Tsukumogami

Chochinobake by Jing Wei

Kasa-obake by Richard Svensson

Tsukumogami [sook-oom-oh-gamee] (‘artifact spirit’) are a type of Japanese spirit that originate from items or artifacts that have reached their 100th birthday and thus become alive and aware. Any object of this age, from swords to toys, can become a tsukumogami. Tsukumogami are considered spirits and supernatural beings, as opposed to enchanted items. Tsukumogami vary radically in appearance, depending on the type of item they originated from as well as the condition that item was in. Some, such as tsukumogami originating from paper lanterns or broken sandals, can have tears which become eyes and sharp teeth, thus giving a horrifying visage. Others, such as worn prayer beads or teacups, may merely manifest faces and appendages, giving a warm and friendly appearance.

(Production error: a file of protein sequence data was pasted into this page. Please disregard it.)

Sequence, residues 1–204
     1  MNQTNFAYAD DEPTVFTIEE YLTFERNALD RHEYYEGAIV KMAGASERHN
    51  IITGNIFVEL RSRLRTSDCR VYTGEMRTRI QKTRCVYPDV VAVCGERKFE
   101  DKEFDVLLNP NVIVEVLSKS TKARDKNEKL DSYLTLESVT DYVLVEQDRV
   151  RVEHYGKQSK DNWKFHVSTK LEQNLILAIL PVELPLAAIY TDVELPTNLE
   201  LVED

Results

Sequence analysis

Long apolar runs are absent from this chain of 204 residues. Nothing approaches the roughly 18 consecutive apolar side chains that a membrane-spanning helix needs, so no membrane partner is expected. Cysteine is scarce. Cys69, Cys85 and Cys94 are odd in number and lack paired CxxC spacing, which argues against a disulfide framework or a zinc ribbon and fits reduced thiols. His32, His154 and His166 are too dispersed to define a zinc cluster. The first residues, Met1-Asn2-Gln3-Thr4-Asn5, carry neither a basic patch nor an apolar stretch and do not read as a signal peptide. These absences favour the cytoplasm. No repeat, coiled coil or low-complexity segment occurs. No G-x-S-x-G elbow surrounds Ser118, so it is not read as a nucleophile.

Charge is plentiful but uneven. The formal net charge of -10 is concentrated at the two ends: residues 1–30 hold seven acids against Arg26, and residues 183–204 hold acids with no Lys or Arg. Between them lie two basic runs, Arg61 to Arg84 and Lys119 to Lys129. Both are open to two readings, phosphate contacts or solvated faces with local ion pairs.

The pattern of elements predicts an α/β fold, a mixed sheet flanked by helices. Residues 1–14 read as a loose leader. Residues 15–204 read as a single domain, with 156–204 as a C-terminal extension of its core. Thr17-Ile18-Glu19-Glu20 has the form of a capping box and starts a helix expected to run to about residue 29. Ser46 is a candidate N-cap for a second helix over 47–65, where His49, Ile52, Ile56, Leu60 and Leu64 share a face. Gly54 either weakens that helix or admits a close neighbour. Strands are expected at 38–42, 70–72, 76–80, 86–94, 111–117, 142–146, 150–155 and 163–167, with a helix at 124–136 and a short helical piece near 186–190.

Though by and large tsukumogami are harmless and at most tend to play occasional pranks on unsuspecting victims, as shown in the Otogizōshi (a collection of 16th century Japanese scrolls) they do have the capacity for anger and will band together to take revenge on those who are wasteful or throw them away thoughtlessly. To prevent this, to this day Shinto ceremonies are performed to console broken and unusable items. It is said that modern items cannot become tsukumogami; the reason for this is that tsukumogami are said to be repelled by electricity. Additionally, few modern items are used for the 100-year-span that it takes for an artifact to gain a soul. Though they are generally considered as mythical or legendary beings, almost all of tsukumogami with names are artistic production created during the Edo period. The most popular artist is Toriyama Sekien, but other numerous artists added their own creatures to the list of tsukumogami.

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